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<xTITLE>Healing and Civility – What Mediation can Teach Us About Bridging Social Divides</xTITLE>

Healing and Civility – What Mediation can Teach Us About Bridging Social Divides

by Thomas Wahlrab, Robert Baruch Bush
December 2020

First published in the Cleveland Plain Dealer ( on Dec. 11, 2020.

Even after the election results are finalized and the new President inaugurated, one thing will remain unresolved – the deep divide within the nation that the campaigns for the presidency confirmed.  It was not Biden v. Trump, or Democrat v. Republican; it was Socialist v. Fascist, Anarchist v. Racist, Stalin v. Hitler – and worse. The names shouted by all sides both revealed and inflicted a deep social wound in our nation that will be hard to mend – when 80 million people stand on one side of the divide and 74 million on the other.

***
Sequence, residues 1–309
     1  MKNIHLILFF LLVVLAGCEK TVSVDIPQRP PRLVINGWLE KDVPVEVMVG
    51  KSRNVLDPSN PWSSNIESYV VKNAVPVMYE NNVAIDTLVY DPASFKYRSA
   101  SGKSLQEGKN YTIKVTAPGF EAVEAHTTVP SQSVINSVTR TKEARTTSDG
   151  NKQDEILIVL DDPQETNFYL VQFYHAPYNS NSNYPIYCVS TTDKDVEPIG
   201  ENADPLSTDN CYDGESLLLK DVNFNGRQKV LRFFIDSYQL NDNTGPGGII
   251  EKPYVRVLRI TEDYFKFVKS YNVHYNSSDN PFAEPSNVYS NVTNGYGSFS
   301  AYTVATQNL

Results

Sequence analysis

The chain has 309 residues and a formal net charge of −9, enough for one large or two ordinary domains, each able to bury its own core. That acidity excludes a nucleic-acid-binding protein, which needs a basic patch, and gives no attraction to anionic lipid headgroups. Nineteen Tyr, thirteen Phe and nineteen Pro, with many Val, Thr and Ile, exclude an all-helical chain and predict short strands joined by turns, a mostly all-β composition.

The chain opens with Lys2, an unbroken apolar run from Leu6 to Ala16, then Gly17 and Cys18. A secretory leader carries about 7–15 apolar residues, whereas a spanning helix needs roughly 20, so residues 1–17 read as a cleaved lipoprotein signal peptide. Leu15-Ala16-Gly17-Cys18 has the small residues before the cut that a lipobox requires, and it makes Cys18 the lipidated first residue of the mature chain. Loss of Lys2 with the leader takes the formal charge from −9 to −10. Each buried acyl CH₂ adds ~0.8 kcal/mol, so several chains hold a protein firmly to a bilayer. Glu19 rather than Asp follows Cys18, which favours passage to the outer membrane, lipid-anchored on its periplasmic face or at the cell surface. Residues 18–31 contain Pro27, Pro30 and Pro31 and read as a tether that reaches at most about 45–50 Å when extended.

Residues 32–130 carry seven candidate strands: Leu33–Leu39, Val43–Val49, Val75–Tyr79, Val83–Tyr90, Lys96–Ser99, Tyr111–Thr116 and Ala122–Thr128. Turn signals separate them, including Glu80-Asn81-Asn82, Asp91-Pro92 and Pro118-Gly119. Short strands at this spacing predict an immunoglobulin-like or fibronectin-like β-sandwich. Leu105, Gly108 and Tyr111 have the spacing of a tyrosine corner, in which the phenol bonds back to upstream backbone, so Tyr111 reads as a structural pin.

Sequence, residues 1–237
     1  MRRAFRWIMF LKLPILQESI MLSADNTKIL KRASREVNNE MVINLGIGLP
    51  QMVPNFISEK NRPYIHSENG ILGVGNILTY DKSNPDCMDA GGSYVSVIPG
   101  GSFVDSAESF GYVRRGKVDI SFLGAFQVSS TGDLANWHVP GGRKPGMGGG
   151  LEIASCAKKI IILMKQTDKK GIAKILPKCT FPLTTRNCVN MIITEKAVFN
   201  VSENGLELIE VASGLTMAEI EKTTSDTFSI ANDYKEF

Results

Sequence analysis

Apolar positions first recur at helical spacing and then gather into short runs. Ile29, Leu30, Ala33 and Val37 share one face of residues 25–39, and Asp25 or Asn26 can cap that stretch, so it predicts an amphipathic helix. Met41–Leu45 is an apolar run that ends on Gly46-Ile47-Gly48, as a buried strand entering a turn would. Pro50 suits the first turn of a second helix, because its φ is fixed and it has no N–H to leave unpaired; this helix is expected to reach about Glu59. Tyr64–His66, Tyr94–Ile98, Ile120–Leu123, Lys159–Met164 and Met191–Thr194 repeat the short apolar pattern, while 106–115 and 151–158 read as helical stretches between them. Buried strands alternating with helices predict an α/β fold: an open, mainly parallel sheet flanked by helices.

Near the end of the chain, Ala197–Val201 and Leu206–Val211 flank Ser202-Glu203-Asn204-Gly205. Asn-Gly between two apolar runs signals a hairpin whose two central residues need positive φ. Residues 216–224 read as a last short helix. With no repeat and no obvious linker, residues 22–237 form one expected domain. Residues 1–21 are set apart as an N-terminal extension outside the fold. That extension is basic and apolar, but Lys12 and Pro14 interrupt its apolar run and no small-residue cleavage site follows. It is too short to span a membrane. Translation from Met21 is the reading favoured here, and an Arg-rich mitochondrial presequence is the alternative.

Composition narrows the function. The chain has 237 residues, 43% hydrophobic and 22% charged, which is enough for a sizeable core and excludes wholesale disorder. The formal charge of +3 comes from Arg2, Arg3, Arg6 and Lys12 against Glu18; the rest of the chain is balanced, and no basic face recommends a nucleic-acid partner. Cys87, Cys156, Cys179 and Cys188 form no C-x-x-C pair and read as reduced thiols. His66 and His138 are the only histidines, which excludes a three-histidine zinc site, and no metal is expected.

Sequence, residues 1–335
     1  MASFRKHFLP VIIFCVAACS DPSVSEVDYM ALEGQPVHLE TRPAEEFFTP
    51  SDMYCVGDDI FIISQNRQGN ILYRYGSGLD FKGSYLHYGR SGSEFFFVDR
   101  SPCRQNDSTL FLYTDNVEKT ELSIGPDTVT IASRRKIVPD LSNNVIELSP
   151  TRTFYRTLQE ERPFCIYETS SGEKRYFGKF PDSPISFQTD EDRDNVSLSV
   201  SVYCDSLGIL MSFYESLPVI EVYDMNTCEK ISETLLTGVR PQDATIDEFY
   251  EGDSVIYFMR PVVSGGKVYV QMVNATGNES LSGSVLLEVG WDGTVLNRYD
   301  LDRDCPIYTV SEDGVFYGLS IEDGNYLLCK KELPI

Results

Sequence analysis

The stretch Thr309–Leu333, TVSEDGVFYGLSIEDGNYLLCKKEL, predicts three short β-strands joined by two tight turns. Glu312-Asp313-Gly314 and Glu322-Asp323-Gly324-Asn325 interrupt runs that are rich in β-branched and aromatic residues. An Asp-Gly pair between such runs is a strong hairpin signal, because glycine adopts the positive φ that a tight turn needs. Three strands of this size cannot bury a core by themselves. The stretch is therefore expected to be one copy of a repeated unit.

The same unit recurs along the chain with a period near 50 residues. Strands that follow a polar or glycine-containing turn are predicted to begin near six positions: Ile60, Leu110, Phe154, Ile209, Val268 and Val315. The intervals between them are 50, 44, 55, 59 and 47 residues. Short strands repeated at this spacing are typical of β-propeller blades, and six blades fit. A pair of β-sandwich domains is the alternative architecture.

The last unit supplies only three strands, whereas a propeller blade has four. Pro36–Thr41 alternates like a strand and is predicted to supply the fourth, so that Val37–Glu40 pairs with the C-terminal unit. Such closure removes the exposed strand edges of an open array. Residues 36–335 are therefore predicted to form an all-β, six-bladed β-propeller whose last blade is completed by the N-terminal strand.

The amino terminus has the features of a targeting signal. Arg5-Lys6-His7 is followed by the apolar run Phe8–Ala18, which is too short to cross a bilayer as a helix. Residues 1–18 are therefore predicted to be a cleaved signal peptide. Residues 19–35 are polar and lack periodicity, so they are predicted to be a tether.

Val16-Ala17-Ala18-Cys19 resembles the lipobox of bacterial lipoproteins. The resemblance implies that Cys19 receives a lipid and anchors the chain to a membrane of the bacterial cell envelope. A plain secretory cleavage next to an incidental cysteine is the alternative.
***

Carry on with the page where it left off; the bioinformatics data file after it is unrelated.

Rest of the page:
In the face of that divide, merely calling for “healing” and “unity” and “civility” will not bring us together.  But practical steps can be taken, based upon the methods of a field called conflict resolution, which uses approaches that are proven to help bridge  divides, at both the personal and group levels.  These methods include mediation and dialogue, which give support to the natural human process of social healing.  Those who would “bring us together” can learn several important lessons from the ideas and practices of good mediators and facilitators.  

For the rest of this essay, click here


Thomas Wahlrab is former Director of the Dayton Mediation Center, and former Executive Director of the Dayton Human Relations Council. Robert A. Baruch Bush is Co-Founder of the Institute for the Study of Conflict Transformation, and the Rains Distinguished Professor of Law at Hofstra Law School, in New York.

Robert Baruch Bush

Robert Alan Baruch Bush is the Harry H. Rains Distinguished Professor of Alternative Dispute Resolution Law at Hofstra University School of Law, Hempstead, New York. Together with Joseph Folger of Temple University he is the originator, and best known advocate, of the transformative model of mediation.